Author Archives: CyberSecOlogist

Assessing a Web Site for Insecure Cookies

A cookie is a small piece of data sent from a website and stored on the user’s computer by the user’s web browser while the user is browsing. They primary purpose is to allow the server to be able to identify the user between visits as well as between requests (clicks).

There are three primary CWE’s regarding insecure cookies:

  • CWE-1004: Sensitive Cookie Without the “HTTPOnly” Flag / CWE-539: Information Exposure Through Persistent Cookies
  • CWE-315: Cleartext Storage of Sensitive Information in a Cookie
  • CWE-614: Sensitive Cookie in HTTPS Session Without ‘Secure’ Attribute

For those of you using the CyberSecOlogy test plan, the security of a cookie can easily be viewed using the Web Developer Plug-in or your ZAP proxy. The ZAP proxy make it easy as insecure cookies show up as alerts when you browse the site, spider the site or do an active scan.

For those who prefer the web developer plug in, simply click on the cookies tab and then again on “View Cookie Information.” This will show you each of the cookies and their attributes:

bad cookie image

In the image above, there are four security mistakes made:

  1. Never, ever ever store credentials in a cookie
    • CWE-1004: Sensitive Cookie Without the ‘”Secure” Flag / CWE-539: Information Exposure Through Persistent Cookies
  2. If you do (but don’t!) make sure you add “Secure.” Secure would have at least encrypted the cookie.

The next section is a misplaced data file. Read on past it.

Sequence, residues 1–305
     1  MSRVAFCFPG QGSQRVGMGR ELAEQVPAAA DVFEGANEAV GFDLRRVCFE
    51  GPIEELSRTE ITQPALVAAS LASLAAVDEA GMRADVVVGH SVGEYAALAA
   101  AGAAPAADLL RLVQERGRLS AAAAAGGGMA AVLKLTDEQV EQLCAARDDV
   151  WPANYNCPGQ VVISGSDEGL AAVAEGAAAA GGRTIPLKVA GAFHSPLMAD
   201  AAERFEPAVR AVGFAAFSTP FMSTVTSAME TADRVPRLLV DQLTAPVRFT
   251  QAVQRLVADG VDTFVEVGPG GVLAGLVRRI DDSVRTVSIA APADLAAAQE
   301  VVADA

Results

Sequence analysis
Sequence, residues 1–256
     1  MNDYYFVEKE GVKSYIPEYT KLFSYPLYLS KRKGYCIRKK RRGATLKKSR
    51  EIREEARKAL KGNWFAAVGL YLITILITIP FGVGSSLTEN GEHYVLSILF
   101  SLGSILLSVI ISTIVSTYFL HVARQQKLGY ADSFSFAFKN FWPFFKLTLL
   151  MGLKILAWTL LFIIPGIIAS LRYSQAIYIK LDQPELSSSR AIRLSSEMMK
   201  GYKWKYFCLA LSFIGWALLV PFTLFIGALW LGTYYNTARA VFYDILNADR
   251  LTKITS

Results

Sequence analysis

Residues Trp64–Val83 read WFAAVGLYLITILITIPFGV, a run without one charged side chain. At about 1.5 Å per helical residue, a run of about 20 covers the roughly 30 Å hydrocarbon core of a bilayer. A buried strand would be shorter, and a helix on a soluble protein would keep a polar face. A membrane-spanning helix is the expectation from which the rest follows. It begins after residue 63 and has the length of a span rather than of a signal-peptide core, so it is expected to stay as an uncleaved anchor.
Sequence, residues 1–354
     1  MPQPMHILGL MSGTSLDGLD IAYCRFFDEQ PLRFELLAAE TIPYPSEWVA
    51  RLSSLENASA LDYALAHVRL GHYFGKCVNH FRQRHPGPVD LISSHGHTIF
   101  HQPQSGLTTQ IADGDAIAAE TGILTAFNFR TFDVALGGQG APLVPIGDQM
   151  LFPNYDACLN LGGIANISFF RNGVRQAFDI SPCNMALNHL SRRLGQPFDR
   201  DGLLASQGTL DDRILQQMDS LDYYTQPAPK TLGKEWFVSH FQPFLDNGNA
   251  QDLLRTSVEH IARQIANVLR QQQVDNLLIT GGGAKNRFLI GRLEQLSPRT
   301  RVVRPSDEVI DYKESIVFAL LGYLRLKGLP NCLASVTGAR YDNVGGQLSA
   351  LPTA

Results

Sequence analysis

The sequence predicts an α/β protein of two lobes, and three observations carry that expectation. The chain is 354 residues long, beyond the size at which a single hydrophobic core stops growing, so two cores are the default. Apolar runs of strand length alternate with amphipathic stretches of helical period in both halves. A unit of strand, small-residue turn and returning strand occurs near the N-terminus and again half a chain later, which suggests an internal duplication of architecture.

• CWE-614: Sensitive Cookie in HTTPS Session Without ‘Secure’ Attribute
  3. To prevent other processes in the browser from be able to access the sensitive data in the cookie, make sure you add “HttpOnly”
    • CWE-1004: Sensitive Cookie Without ‘HttpOnly’ Flag

For the fourth, open your OWASP ZAP and and find the cookie titled “passwordEncoded” and paste the value in to ZAP’s decode tool and try and identify what the value of the password is. Is you can decode the password write it up as CWE-261: Weak Cryptography for Passwords.  You see that the password is nothing more than a simple MD5 hash.

Image showing a cookie encoded with an MD5 hash

Giraffes, Ostrich and Six Mental Health Survival Skills for New Cyber Security Managers

Giraffes can’t talk, but if they could they’d tell you they were tired. Really tired. You see, giraffes are so consumed with being on the lookout for predators they have evolved to only sleep for a few seconds at a time. They have to continually wake up and look for predators thus missing out on some of their basic requirements.

Ostriches, I suspect are much happier. They live an abyss of ignorance where at the first sign of a predator they can put their head in the sand and have nothing to worry.

As a Security manager, you don’t really have the luxury of being an ostrich. We are continually bombarded with an unpredictable amount of audit findings, intrusion detection alerts and vulnerabilities that have to be addressed within a set budget and headcount. The challenge is that finding will always happen at a faster rate than fixing giving you a never-ending list of top priorities. This pushing the rock up the hill can lead to job stress and burn-out.

Over the years I have developed some giraffe survival skills that I’d like to pass along to you folks new to security management:

  1. Know your risks. If you don’t have a deep understanding of your organization’s risks you will never be able to properly prioritize your work and everything will become your #1 priority.
  1. Don’t get distracted by low hanging fruit. A quick fix often feels like a quick win. But if you continually focus on low-value activities you’ll never tackle the important stuff and never actually make progress. I know, this runs counter to every self-help book ever written.
  1. Embrace the messenger. As hard as it is some days to have one more issue come across your desk, when people stop coming to you you’ve lost the battle.